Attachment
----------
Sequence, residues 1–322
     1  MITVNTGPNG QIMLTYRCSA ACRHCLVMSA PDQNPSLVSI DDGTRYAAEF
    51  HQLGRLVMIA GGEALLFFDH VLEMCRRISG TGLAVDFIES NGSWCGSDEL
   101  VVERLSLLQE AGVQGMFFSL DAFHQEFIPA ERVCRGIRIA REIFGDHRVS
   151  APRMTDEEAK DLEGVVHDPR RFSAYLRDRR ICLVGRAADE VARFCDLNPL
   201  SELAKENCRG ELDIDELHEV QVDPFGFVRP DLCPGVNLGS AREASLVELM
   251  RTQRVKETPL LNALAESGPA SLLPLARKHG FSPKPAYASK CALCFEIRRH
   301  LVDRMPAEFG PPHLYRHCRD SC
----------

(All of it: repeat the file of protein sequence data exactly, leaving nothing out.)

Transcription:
Sequence, residues 1–322
     1  MITVNTGPNG QIMLTYRCSA ACRHCLVMSA PDQNPSLVSI DDGTRYAAEF
    51  HQLGRLVMIA GGEALLFFDH VLEMCRRISG TGLAVDFIES NGSWCGSDEL
   101  VVERLSLLQE AGVQGMFFSL DAFHQEFIPA ERVCRGIRIA REIFGDHRVS
   151  APRMTDEEAK DLEGVVHDPR RFSAYLRDRR ICLVGRAADE VARFCDLNPL
   201  SELAKENCRG ELDIDELHEV QVDPFGFVRP DLCPGVNLGS AREASLVELM
   251  RTQRVKETPL LNALAESGPA SLLPLARKHG FSPKPAYASK CALCFEIRRH
   301  LVDRMPAEFG PPHLYRHCRD SC